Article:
State Ex Rel. PACCS, PA v. Ryan

Annotate this Case

728 S.W.2d 598 (1987)

STATE of Missouri, ex rel. PAIN, ANESTHESIA AND CRITICAL CARE SERVICES, P.A., Relator, v. Hon. J. Brendan RYAN[1] Presiding Judge Division One, Circuit Court of the City of St. Louis, Respondent. STATE of Missouri, ex rel. John KRUPKA, M.D., Relator, v. Honorable William M. NICHOLLS, Judge of the Circuit Court of the City of St. Louis, Missouri, Division No. 12, Respondent. STATE of Missouri ex rel. ST. FRANCIS REGIONAL MEDICAL CENTER, INC., Relator, v. Honorable William M. NICHOLLS, Judge of the Circuit Court of the City of St. Louis, Respondent.

Nos. 52538, 52669 and 52721.

Missouri Court of Appeals, Eastern District, Division Three.

March 10, 1987.

Motion for Rehearing and/or Transfer Denied April 9, 1987.

Application to Transfer Denied May 19, 1987.

*599 Stephen D. Hoyne, Amelung, Wulff & Willenbrock, St. Louis, for relator Pain, Anesthesia and Critical Care Services.

Bernard Brinker, Gary P. Paul, Brinker, Doyen & Kovacs, Clayton, for relator John Krupka, M.D.

Eugene K. Buckley, Evans & Dixon, St. Louis, for relator St. Francis Regional Medical Center.

James F. Koester, James F. Koester, Inc., St. Louis, for respondents.

CARL R. GAERTNER, Judge.

We have ordered the consolidation of three petitions for writs of prohibition *600 which challenge the jurisdiction of a Missouri court over non-resident defendants. A review of the factual and procedural background is essential.

Brendan Duncan and his parents, Georgia and Terry Duncan, are plaintiffs in the underlying action alleging medical malpractice against Cardinal Glennon Memorial Hospital for Children, Kenneth Smith, M.D., St. Francis Regional Medical Center, Inc., John Krupka, M.D., and Pain, Anesthesia and Clinical Care Services (hereinafter PACCS). It is alleged that Brendan was born on April 4, 1979, affected with hydrocephalus. On April 6, 1979, at Cardinal Glennon Hospital in St. Louis, Missouri, Dr. Kenneth Smith performed surgery which included the installation of a shunt to drain excessive fluid from Brendan's brain. Additional surgery by Dr. Smith was necessitated by a failure of this shunt on September 1, 1980, after which Brendan experienced seizures. On April 15, 1981, surgery was performed in Wichita, Kansas to repair another shunt failure. Further surgery occurred in Wichita on August 1, 1982 and August 5, 1982 and it is alleged that during the latter procedure Brendan "experienced a heart failure and resulting permanent brain damage". Surgery was again performed in Wichita on August 10 and August 13, 1982. The petition charges certain acts of negligence against Dr. Smith and Cardinal Glennon Hospital by reason of the original surgery and that of September 1, 1980. It charges negligence against Dr. Krupka and St. Francis Regional Medical Center, Inc. by reason of the surgical procedures of August 1 and August 5, 1982. Negligence is also charged against PACCS arising out of the rendition of anesthesia to Brendan on August 5, 1982. The petition alleges the negligence of all of the defendants was "joint and concurrent" in causing Brendan to sustain heart damage and permanent, irreversible brain damage.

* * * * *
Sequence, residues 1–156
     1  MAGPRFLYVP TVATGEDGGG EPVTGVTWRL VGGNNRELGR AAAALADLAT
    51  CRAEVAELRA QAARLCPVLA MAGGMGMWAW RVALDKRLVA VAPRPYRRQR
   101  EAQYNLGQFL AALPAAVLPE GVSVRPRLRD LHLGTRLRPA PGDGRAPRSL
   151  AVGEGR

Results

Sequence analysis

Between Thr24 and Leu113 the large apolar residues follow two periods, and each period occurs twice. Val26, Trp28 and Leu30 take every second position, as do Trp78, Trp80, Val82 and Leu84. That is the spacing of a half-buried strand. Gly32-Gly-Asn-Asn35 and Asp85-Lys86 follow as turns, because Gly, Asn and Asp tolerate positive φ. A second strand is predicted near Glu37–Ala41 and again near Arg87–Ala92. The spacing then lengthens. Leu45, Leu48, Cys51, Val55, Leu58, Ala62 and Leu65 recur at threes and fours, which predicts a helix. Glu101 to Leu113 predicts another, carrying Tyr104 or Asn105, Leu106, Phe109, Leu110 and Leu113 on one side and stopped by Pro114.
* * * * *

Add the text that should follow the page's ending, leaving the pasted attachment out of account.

Upon being served with process in Kansas pursuant to § 506.500, RSMo.1986, the Missouri Long Arm statute, each of the Kansas defendants filed motions to dismiss and to quash service supported by affidavits denying any act in or contact with Missouri sufficient to subject the defendants to the jurisdiction of Missouri courts. Plaintiffs thereupon amended their petition by interlineation alleging: